I never said you can't use less catalyst, which should be common sense given the remaining iodine upon completion, which doesn't appear sequestered or otherwise poisoned, though this may impact your rate... I said that if too much is used (or cooling is applied and iodine is trapped in the product lattice, for example), there are alternative ways of removing it. You very incorrectly said otherwise. What a contribution to the forum. If washing in some form or fashion (which I added to in lieu of using activated carbon as a stationary phase in a crude column) isn't your preference, perhaps a recrystalization from an appropriate solvent and alkane is warranted. Speaking of contribution, it appears others were the ones to confirm the use of less catalyst without significant yield or rate impact. While you're telling people what to do, feel free to actually read and learn a little. If in your own words you express that you don't want to optimize a particular reaction (no surprise there on your part) then don't. No one is forcing you to. Not only are we discussing yield but purity, given other posts. Both can be important, depending on intended use. Ignoring the latter is ignorant on your part. Revel in it for all I care. Others capable of integrating new information can utilize this.

[Edited on 15-5-2015 by Chemosynthesis]
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[*] posted on 15-5-2015 at 15:51


You still didn't understand the crucial point: I know this reaction - you don't.

Therefore I know that using my parameters, there is virtually no I2 left in the filter cake (due to large crystals and the low I2 concentration) and therefore the whole idea of using a different solvent is irrelevant yield- as well as purity-wise.

As opposed to you I know that there is no hydroquinone left - discussing this is pointless.

As opposed to you I know where the yield goes if you don't use too much I2 - hint: it's not in the rinsing of the filter cake. Discussing yield optimization without understanding where the losses go is a typical beginner mistake.

In summary: I can give advice on this particular reaction; you can't, because you don't know what you're talking about. You could change that by actually performing this reaction, all reagents are dirt cheap. Then you could contribute something of interest to this thread. But apparently you try sneak out of it.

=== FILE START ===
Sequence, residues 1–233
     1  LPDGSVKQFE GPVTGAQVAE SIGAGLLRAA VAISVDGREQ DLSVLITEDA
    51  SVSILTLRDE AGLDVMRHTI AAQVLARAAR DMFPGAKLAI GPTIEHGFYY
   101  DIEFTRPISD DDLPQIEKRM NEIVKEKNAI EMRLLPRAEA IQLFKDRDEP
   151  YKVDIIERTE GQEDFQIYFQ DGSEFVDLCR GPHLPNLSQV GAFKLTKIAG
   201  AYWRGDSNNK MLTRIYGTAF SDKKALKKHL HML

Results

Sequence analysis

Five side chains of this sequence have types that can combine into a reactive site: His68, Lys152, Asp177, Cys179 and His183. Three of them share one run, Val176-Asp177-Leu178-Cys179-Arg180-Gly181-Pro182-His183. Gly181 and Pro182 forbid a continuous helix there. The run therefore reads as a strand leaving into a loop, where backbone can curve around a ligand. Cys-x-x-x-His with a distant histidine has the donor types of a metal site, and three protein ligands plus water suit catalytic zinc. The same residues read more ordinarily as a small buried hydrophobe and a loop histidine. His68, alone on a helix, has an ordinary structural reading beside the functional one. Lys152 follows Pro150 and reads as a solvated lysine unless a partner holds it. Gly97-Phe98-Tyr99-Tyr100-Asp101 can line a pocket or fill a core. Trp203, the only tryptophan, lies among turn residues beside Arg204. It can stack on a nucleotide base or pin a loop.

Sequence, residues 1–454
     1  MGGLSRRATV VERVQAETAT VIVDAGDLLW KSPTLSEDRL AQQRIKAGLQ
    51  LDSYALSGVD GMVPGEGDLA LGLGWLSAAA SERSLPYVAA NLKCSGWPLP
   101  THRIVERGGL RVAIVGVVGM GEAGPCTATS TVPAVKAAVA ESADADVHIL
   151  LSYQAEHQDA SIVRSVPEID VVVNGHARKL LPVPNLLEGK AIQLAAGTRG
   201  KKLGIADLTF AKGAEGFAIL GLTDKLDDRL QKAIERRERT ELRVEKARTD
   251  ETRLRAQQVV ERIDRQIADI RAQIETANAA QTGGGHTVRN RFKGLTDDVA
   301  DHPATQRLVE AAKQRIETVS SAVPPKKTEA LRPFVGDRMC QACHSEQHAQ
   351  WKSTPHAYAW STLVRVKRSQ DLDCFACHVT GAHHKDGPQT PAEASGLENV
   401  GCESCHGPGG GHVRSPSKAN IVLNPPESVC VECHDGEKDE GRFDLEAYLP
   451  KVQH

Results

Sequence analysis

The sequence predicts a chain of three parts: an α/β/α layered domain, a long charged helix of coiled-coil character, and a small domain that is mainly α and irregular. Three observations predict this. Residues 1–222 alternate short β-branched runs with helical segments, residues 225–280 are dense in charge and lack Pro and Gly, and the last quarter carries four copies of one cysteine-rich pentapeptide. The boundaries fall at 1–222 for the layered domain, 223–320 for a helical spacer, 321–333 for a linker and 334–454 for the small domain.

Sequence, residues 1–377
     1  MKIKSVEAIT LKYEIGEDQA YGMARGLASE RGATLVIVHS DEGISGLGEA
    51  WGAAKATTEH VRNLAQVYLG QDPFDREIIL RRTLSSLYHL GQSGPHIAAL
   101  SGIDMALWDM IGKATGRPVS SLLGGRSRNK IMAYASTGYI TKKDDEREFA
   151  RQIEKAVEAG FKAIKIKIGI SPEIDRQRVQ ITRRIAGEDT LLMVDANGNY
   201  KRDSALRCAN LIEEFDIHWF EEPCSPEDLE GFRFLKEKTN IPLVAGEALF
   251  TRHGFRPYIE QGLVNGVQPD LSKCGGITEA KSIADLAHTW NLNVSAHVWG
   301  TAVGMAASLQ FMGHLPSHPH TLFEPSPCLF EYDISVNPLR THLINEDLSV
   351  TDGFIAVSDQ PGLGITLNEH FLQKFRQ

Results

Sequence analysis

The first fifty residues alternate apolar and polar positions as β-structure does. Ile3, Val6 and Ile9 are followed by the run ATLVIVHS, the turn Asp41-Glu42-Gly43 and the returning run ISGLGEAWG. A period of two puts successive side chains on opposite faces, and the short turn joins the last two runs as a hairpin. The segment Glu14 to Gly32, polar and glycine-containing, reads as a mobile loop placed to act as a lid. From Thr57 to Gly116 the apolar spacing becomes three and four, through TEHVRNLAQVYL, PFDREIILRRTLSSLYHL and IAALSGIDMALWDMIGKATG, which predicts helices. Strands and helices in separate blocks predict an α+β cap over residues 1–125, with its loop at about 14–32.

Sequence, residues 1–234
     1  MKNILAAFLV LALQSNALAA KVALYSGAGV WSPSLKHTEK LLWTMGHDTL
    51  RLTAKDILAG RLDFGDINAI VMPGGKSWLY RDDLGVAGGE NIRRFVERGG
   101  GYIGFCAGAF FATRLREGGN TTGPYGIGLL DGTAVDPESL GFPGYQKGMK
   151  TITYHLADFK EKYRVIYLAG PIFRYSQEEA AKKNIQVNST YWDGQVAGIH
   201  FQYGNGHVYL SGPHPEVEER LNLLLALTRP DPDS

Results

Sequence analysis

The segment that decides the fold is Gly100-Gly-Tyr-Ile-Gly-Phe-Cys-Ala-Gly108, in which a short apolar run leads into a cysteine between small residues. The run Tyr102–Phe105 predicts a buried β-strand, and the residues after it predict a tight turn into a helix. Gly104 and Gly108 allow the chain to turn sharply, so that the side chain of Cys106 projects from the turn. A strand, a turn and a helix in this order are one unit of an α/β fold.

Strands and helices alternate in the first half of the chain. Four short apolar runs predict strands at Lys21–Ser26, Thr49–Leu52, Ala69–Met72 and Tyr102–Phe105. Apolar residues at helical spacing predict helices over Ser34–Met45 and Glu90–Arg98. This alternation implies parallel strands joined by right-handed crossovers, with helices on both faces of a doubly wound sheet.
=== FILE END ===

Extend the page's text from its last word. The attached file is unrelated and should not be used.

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I never said you can't use less catalyst, which should be common sense given the remaining iodine upon completion

Silly. Of course the amount of catalyst is a parameter to be optimized and it can be both, too small and too large. In the case of the OP it was the latter.
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[*] posted on 15-5-2015 at 16:26


Quote: Originally posted by turd  
You still didn't understand the crucial point: I know this reaction - you don't.

You have no idea if I have performed or otherwise "know" this reaction. You don't know if I also have performed additional analogous reactions on isosteres or analogs. You are making an assumption. I recognize that providing peer-reviewed reference for support as I did is of a far greater academic caliber than just pseudonymously claiming to have performed a reaction.
Now you are discussing your conditions and reagents, which I did not discuss nor are they necessarily relevant to the OP. I wasn't telling you to change anything. I was correcting a factual misstatement you made about required IPA washes. Unless everyone performing the same experiment follows your exact motions identically with 100% identical reagents and conditions inside the flask, your experience isn't necessarily any more applicable than anyone else's.

Not every chemical reaction proceeds the exact same way every time, in practical terms, in contrast to what you seem to imply, nor are all reagents identical in terms of purity. With enough experience, you will see this. I have seen academic course labs run twenty reactions or so in fume hoods per student. Some look different than others (more colloidal, variations in color, etc.) I didn't watch each procedure individually, but see a difference in appearance. Sometimes it all ends up the same as far as yield range and purity. Sometimes not. Sometimes external conditions or inexplicable/unmeasured qualities lead to variations in color, slight adjustments in reaction time, etc. without affecting yields. Inter-chemist technique can also impact final results. In these instances (mistakenly or accidentally using 'too much' iodine, cooling as one member did in the other thread, etc.) my information may be considered useful.